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Xin Li

Associate Professor of Cell & Developmental Biology
Helen Corley Petit Scholar

Research Interests

Research Topics

Development, Genetics, Genomics, Neurobiology, Regulation of Gene Expression

Research Description

Regulation of temporal patterning in neural progenitors and subsequent generation of neural diversity

Generation of neural diversity is a key question in developmental neurobiology. Studies in both vertebrates and Drosophila have shown that neural progenitors are temporally patterned to generate different neural types in a defined order. We use the Drosophila medulla (the first color-information processing center) to address this question. Through an antibody screen, we identified a large set of transcription factors expressed in the developing medulla, and five of them, Homothorax (Hth), Eyeless (Ey), Sloppy paired 1 and 2 (Slp), Dichaete (D) and Tailless (Tll), are expressed sequentially in neural progenitors called neuroblasts as they age. These temporally-expressed transcription factors are required for sequential generation of different neural types. Cross-regulation between these transcription factors is required but not sufficient for temporal transitions, suggesting additional mechanism is required.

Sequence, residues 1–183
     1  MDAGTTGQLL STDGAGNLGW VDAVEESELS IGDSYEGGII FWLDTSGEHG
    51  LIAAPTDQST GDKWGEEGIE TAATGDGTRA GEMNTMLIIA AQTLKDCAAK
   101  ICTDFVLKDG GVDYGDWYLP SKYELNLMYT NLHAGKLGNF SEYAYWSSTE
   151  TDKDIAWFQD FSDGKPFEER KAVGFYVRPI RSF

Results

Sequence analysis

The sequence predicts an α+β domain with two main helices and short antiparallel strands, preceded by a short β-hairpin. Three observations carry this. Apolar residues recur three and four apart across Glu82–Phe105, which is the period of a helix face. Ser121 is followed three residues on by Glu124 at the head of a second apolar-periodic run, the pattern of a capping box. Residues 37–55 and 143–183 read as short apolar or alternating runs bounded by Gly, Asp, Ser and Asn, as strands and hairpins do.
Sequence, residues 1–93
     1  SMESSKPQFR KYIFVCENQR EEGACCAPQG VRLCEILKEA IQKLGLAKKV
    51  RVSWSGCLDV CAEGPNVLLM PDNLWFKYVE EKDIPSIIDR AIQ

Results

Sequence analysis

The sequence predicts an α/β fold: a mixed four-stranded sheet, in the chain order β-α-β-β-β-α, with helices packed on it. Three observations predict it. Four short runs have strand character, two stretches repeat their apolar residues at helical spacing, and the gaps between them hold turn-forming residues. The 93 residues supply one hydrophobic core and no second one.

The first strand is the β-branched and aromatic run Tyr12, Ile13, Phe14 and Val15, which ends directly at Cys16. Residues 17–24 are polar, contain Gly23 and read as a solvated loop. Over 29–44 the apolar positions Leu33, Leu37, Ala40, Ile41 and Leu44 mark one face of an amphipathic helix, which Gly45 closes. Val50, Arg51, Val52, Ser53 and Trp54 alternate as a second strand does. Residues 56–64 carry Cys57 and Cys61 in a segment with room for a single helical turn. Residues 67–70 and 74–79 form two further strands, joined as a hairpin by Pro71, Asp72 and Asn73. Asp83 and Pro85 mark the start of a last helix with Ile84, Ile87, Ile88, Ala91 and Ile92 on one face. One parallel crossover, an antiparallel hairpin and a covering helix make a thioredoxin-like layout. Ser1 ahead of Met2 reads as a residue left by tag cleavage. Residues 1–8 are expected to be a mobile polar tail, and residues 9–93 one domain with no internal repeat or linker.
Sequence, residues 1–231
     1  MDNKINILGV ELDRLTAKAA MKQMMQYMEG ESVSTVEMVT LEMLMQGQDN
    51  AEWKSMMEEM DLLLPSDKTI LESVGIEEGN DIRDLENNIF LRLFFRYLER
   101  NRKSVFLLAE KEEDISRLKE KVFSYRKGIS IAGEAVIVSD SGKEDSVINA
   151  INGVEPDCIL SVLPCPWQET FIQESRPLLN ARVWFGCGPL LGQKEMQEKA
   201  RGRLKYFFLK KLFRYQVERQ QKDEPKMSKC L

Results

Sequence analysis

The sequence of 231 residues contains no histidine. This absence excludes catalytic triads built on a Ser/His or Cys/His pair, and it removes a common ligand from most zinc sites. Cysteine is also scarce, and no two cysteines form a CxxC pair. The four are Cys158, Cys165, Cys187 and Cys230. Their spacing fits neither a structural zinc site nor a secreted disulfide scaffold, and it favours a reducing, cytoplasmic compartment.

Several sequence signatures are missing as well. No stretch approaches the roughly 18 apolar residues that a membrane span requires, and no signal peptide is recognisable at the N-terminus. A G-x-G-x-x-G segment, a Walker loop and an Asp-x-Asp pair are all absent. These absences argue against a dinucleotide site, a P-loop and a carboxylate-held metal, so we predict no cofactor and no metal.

My lab’s goal is to elucidate the molecular mechanism controlling the sequential temporal transitions in medulla neuroblasts to generate different neural types, using both genetics and genomics approaches. In a genomics approach, we compare the transcriptome profiles of medulla neuroblasts as they transit through different temporal stages using the five transcription factors as markers. In parallel, we use genetic analysis to identify the molecular players and elucidate the molecular clock. The integrated approaches are also used in our investigation of how the sequential expression of transcription factors in neuroblasts generates neural diversity. Our research will shed light on the neurogenesis of a complex adult neural structure, as well as on the general mechanism of temporal patterning of neural progenitors.


B.S., Beijing Medical University, China
Ph.D., Northwestern University
Postdoc., New York University

Awards and Honors

Robert Leet and Clara Guthrie Patterson Trust Postdoctoral Fellowship Program in Brain Circuitry, The Medical Foundation (2008-2010)

Additional Campus Affiliations

Associate Professor, Cell and Developmental Biology
Affiliate, Carl R. Woese Institute for Genomic Biology

Highlighted Publications

Yu Zhang, Scott Lowe, Andrew Z. Ding and Xin Li (2023). “Notch-dependent binary fate choice regulates the Netrin pathway to control axon guidance of Drosophila visual projection neurons.” Cell Reports. 42 (3): 112143,